Progress in crisis and emergency preparedness in Uruguay
10 de Noviembre de 2023
In a world with increasingly challenging crises and emergencies, the need to change from a reactive to a preventive culture turns out to be essential. Preparedness becomes the key to protect lives, assets as well as nature, while reducing the impact and recovery time in the face of extreme events such as disasters, economic crises, pandemics, conflicts, or pollution events.
Being better prepared not only saves financial resources but also contributes to the sustainability of social, environmental, and economic progress. It avoids delays in development processes and in people's quality of life. When institutions and individuals come together to work on emergency preparedness and response, the population ends up being more resilient and able to recover while they foster mutual collaboration and solidarity.
Recently, UN Secretary-General António Guterres encouraged agencies to work so that, within five years, early warning systems will protect everyone on the planet. For the United Nations Development Programme (UNDP), warning systems are a priority issue to face the effects of climate change and extreme weather events, which are becoming more frequent and intense.
For this reason, UNDP Uruguay has been working with the Uruguayan government since the creation of the National Emergency System (SINAE) in 2003, providing support for both preparedness and recovery from extreme events. In recent years, we have made substantial progress in information management, damage and loss assessment and warning systems.
We have developed the Comprehensive Risk and Impact Monitor (MIRA), an innovative digital platform that integrates and centralizes information from several institutions. This has improved the effectiveness of the response, allowing the exchange of information to and from the affected areas, sending alerts to the population and knowing in real time the effects and needs on the field. MIRA has quickly become the main tool for integrated risk management and played a fundamental role in the successful management of the pandemic at the national level.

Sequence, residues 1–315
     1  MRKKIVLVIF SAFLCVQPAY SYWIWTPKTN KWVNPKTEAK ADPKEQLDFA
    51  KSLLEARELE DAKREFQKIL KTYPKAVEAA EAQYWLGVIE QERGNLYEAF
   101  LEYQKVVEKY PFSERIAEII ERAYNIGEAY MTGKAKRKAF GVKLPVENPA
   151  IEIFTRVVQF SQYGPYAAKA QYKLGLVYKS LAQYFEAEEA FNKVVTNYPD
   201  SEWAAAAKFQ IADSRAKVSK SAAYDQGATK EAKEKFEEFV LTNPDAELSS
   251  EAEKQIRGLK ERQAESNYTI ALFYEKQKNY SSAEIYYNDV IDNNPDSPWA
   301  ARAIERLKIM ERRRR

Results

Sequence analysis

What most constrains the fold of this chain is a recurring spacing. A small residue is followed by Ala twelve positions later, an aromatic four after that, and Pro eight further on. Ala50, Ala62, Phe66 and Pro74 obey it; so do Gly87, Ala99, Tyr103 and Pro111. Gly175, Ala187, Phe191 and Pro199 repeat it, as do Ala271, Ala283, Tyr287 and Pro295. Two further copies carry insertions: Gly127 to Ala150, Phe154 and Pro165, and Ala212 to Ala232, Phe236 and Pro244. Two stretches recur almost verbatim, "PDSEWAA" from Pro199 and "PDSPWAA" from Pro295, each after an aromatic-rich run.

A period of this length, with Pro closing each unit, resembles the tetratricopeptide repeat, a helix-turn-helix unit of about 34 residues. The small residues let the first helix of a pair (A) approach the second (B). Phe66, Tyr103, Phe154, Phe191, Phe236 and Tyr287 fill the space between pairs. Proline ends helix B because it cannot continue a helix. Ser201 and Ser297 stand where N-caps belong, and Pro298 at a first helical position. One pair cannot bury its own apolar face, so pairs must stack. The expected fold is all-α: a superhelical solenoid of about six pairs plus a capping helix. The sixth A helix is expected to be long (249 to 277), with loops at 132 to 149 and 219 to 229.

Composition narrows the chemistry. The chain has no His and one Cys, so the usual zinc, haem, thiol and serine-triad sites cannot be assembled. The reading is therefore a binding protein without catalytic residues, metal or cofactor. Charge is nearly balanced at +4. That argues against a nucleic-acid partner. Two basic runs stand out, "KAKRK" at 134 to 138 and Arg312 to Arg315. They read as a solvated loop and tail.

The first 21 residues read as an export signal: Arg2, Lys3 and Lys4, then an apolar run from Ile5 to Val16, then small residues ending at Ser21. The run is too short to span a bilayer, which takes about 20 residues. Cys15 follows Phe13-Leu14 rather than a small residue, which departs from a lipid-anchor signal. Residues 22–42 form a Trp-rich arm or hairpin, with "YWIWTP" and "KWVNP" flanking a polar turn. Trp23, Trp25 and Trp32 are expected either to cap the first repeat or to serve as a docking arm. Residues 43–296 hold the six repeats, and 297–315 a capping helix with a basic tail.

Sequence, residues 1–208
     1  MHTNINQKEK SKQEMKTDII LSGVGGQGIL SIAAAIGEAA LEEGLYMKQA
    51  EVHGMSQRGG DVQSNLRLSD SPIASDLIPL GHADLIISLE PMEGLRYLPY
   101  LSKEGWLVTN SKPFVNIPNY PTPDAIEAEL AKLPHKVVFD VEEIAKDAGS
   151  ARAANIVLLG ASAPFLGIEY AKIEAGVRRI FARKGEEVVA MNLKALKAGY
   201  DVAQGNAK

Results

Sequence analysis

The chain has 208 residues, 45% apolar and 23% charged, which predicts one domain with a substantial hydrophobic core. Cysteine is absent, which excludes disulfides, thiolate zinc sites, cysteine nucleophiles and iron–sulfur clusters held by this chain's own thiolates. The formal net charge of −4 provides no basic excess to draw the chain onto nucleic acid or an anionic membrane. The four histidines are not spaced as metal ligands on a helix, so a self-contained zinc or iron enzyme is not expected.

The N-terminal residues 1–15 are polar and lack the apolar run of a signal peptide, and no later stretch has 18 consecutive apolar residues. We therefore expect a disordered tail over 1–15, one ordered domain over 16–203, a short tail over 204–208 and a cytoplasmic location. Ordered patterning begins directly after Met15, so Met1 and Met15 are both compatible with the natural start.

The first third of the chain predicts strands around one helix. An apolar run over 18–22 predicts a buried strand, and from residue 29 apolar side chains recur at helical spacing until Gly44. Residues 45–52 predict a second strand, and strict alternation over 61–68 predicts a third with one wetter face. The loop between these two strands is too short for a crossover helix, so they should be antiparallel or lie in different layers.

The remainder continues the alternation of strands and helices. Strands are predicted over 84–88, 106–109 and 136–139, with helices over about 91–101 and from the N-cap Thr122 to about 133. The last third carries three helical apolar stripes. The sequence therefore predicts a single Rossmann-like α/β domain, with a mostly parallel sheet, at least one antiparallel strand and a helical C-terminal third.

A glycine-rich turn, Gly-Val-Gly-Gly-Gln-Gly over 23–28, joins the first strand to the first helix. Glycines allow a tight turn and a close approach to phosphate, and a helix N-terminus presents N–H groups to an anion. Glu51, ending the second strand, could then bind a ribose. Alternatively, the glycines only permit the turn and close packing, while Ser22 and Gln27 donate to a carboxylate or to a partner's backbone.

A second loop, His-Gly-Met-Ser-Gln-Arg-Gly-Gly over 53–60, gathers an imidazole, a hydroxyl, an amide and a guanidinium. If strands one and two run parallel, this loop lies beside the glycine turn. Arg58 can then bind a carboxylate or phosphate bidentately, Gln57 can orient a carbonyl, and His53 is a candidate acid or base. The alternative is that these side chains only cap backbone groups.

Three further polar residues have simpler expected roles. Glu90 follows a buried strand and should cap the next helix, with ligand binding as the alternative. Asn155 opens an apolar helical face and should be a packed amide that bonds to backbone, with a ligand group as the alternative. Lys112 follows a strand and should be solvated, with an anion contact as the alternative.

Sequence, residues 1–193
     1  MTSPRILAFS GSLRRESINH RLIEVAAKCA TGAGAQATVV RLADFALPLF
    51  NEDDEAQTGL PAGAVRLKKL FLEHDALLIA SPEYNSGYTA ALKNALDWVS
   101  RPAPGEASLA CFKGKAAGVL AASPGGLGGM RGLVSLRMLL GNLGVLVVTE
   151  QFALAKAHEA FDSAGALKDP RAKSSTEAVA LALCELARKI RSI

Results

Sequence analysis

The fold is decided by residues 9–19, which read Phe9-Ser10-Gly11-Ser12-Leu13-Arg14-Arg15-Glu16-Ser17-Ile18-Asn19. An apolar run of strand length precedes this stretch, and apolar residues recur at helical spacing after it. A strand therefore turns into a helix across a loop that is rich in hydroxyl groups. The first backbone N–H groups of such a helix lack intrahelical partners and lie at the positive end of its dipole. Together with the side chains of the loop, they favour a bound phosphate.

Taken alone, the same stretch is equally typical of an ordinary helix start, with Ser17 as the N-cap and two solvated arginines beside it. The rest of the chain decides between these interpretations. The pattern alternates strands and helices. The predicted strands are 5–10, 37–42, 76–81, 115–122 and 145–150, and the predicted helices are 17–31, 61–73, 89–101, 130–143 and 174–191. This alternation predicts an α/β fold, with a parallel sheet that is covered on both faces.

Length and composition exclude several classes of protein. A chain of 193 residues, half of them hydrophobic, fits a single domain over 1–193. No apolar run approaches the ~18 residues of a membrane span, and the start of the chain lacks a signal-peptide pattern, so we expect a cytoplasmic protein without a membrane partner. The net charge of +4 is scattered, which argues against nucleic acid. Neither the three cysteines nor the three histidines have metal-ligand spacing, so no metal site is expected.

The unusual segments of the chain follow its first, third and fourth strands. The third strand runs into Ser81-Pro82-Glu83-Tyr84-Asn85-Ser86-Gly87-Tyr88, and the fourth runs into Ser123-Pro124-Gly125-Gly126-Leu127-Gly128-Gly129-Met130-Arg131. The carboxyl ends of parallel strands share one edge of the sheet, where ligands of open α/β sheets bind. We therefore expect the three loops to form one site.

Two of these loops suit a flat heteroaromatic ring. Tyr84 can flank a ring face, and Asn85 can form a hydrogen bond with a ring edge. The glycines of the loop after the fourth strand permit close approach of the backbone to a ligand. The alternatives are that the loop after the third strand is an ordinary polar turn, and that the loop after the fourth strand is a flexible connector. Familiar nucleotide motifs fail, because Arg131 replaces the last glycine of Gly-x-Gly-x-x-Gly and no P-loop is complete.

Being better prepared not only saves financial resources but also contributes to the sustainability of social, environmental, and economic progress. It avoids delays in development processes and in people's quality of life.
Damage and loss assessment
Between 2021 and 2022 we adapted the Post Disaster Needs Assessment (PDNA) methodology to local conditions, agreeing on the national strategy and developing guidelines for its application to future emergencies or disasters. In addition, we fulfilled the more ambitious objective of carrying out a PDNA for the education and tourism sectors in the context of the COVID-19 pandemic in Uruguay, estimating losses in both sectors and generating strategies for their recovery.
During 2022-2023, we also made progress in the development of warnings, setting the state of the art of Early Warning Systems (EWS) and preparing a roadmap for the development of a multi-hazard EWS at the national level.
In this process, South-South cooperation was promoted by gathering lessons learned from Chile, Cuba and Ecuador, which also received support from UNDP.
The systematization of the progress achieved showed that Uruguay has EWS in specific locations for storms, rains, heat and cold waves, and progress in the communication of warnings. However, these warnings are not linked to risk level modeling to generate clear messages to the population about the impacts that may occur and the type of actions that should be taken.
The short-term challenge is to strengthen existing systems and generate new EWS for unaddressed hazards, such as droughts. In the medium term, the aim is to integrate existing EWS into a multi-hazard system.
In the future, the consolidation of MIRA, the application of protocols for damage and loss assessments and the development of a multi-hazard EWS will be crucial to make the country's development process more resilient, reducing vulnerabilities and accelerating recovery processes in the face of future crises and extreme events.
* These results were possible thanks to the joint work with the National Emergency System of Uruguay (SINAE), and the technical/financial support of the network of UNDP country offices in the region, the UNDP Bureau for Crisis, the UNDP Regional Office for Disaster Risk Reduction for Latin America and the Caribbean, the International Centre for Research on El Niño (CIIFEN), the UNDP Innovation Facility and the UNDP Rapid Response Facility
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